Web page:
Leon tested several Lasers and found them to all be about the same. The way the wing spar was wedged into the fuse made the biggest difference. His recommendations are very conservative giving the wing/aileron a flutter speed of over 400 mph. His numbers are based on the length of your ailerons. The longer the aileron the greater the weight on the spade arm. If you were to fly it without the spade arm weights I would keep the airspeed less than 140 mph, when I did it I kept it below 120... It was only to test aileron trim prior to spade trimming.

On my aileron linkage I replaced everything with ball bearing rod ends. These are spherical rods that have ball bearings in them, never knew that such an animal existed. All the bolts were replaced with close tolerance NAS bolts. They fit the holes of the rod ends much better. The rod ends are MS21151 and MS21153 See: https://www.gen-aircraft-hardware.com/s ... 167&id=168

I don't recommend reducing your spade weight.

Regards,

Dave

boosted180
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Re: Repairs, Upgrades and things to look for.

Post by boosted180 » 08 Mar 2019 05:45

Ok. Thanks Dave. I have another question. It looks like the rudder strap hinge and bushing are a one-piece deal. There's some slop in the top one. There's no way to service this without cutting the leading edge of the rudder then, right? So I was thinking of cutting a piece of the tube off, sliding the bushing/ strap off, replacing then putting back on and welding a new piece of tube onto the original. Is there a better solution? To me it doesn't seem like a whole lot of slop, but I do want to get it fixed at some point, just not right now. Do you think it's a safety issue with flutter? Apparently it's been flying like this for who knows how long by the previous owners.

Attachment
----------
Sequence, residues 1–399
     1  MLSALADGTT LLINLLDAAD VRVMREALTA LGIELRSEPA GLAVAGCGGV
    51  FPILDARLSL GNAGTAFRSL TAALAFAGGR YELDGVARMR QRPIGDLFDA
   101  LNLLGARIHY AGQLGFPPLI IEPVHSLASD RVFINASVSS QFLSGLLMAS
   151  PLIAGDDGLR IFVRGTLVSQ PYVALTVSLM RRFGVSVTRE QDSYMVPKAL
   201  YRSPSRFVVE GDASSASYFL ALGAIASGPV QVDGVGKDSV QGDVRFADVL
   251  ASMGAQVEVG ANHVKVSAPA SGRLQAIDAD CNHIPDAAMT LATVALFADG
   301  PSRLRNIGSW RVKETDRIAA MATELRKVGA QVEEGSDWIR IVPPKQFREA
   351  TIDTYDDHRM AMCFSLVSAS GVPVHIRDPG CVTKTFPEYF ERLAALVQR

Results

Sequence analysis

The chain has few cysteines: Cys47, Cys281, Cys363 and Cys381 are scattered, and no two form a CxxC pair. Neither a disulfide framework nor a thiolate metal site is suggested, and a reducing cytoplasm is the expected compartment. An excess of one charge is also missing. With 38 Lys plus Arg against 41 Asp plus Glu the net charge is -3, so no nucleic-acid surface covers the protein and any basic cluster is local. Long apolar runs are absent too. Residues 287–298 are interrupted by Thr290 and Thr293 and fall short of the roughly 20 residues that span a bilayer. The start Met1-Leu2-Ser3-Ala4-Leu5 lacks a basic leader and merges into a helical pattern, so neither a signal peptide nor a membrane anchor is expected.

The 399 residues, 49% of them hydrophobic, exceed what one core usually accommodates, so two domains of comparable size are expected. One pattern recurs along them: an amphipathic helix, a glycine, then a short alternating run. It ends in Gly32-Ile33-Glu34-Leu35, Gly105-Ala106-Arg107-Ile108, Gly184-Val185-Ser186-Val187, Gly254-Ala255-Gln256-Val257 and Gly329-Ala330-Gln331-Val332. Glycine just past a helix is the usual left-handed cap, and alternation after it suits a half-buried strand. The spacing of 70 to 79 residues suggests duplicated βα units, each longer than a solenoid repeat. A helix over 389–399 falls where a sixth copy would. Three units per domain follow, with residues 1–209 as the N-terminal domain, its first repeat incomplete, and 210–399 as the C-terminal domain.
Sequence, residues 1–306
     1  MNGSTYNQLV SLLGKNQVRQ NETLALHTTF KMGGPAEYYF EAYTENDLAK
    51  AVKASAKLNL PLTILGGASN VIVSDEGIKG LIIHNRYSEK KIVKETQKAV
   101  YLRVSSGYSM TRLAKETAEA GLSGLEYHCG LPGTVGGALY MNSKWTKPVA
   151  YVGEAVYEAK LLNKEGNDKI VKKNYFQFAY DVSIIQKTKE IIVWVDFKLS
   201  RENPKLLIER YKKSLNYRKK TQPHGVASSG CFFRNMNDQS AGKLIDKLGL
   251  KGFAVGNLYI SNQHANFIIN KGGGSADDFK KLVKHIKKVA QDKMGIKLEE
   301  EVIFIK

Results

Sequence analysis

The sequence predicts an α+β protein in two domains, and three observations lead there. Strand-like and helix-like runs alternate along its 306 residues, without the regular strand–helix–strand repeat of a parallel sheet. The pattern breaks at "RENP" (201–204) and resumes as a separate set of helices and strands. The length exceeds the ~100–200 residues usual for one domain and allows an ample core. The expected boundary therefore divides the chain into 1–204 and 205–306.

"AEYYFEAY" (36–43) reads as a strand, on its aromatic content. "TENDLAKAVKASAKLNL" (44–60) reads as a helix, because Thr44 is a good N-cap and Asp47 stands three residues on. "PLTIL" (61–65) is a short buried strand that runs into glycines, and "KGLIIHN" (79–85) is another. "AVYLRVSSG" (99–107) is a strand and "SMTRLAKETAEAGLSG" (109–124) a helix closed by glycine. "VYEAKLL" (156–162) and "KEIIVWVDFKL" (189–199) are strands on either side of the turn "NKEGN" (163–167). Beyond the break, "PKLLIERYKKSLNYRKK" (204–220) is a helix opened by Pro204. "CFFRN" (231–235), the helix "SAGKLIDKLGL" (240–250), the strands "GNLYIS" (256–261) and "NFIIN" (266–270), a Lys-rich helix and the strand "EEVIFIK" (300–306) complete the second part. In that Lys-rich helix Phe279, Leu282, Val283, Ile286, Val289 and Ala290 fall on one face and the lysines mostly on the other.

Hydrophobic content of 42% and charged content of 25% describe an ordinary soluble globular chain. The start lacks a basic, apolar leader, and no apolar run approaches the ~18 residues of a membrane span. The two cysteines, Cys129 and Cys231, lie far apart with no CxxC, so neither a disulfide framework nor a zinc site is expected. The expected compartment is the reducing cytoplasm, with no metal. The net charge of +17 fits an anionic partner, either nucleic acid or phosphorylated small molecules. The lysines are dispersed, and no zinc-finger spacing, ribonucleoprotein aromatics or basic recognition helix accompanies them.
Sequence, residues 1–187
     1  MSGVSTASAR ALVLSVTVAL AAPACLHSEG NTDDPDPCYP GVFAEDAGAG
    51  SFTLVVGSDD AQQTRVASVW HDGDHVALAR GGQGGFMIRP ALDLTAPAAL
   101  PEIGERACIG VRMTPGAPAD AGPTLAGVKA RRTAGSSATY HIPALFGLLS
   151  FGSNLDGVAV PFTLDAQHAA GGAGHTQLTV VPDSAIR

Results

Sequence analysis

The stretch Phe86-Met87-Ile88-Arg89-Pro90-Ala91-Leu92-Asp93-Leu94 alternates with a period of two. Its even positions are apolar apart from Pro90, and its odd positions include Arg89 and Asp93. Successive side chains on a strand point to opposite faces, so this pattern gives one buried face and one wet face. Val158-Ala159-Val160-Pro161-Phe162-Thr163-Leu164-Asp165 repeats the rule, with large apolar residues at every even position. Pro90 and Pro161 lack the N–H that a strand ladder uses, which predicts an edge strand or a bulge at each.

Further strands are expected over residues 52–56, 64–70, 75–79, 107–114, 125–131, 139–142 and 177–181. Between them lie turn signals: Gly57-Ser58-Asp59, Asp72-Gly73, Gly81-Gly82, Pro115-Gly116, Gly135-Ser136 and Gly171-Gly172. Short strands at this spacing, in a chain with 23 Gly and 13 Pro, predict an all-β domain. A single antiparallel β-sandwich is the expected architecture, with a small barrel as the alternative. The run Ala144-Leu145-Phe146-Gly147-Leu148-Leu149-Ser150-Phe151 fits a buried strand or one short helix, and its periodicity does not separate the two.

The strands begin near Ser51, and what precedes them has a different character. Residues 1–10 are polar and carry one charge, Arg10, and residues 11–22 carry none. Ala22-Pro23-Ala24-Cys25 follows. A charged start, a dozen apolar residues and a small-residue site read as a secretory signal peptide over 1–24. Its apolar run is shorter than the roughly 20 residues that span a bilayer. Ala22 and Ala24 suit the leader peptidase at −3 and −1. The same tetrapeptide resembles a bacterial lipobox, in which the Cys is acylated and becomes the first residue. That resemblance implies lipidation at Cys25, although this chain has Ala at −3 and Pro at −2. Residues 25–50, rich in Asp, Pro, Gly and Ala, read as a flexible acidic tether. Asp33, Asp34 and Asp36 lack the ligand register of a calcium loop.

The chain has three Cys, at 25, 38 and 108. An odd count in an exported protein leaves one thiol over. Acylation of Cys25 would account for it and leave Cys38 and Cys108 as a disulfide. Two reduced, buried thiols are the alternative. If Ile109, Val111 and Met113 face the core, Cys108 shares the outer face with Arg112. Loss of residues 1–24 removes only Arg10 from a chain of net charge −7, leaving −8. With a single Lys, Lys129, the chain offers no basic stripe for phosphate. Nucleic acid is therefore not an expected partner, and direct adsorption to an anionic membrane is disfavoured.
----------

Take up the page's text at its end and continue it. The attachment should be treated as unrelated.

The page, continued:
https://drive.google.com/open?id=16e9zS ... YieVAAMDiT

https://drive.google.com/open?id=148jLC ... diV9Becnr5

davevon
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Re: Repairs, Upgrades and things to look for.

Post by davevon » 08 Mar 2019 09:18

That should come apart, at least the strap should come out. I’m on the road so I don’t have pictures available of mine. I did shim the top rudder hinge. I used aluminum can stock as shims and so far so good.

Dave

davevon
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Re: Repairs, Upgrades and things to look for.

Post by davevon » 09 Mar 2019 22:41

Your hinges look like the earlier welded design. I don't know if there is much you can do with them... I've attached a couple of shots of mine which are of the Pitts - Christen Eagle type.

In looking for more info on strap hinge designs I found a couple of sites of interest.

http://www.2wings.com/m12/faq/tailcontrl/tailcontrl.htm

https://bearhawkforums.com/forum/bearha ... nge-design This one has a tidbit on lubricants that looks interesting.

Regards,

Dave
Strap Hinge.jpg
Strap Hinge.jpg (133.33 KiB) Viewed 1082 times
Hinge setup.jpg
Hinge setup.jpg (230.52 KiB) Viewed 1082 times

boosted180
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Re: Repairs, Upgrades and things to look for.

Post by boosted180 » 10 Mar 2019 07:07

Great idea regarding the aluminum soda can for shimming.

Are your bushings straight bronze or the oilite (oil-impregnated bronze)? How do your controls feel? I saw a video of yours and it looks amazing! If I can get that setup in mine, it would awesome! Do you know where I can buy or custom make bronze bushings to replace my nylon ones? If I can buy the entire setup including straps, and the blocks that goe on the other side of the bushings, that would be ideal.

I called a few places and no luck so far. One guy said he can fabricate some for me, but estimated about $600! And not sure if fit would be exact. The advantage of soft materials like nylon or delrin is that there's a bit of give so if alignment is not precise, it will still fit.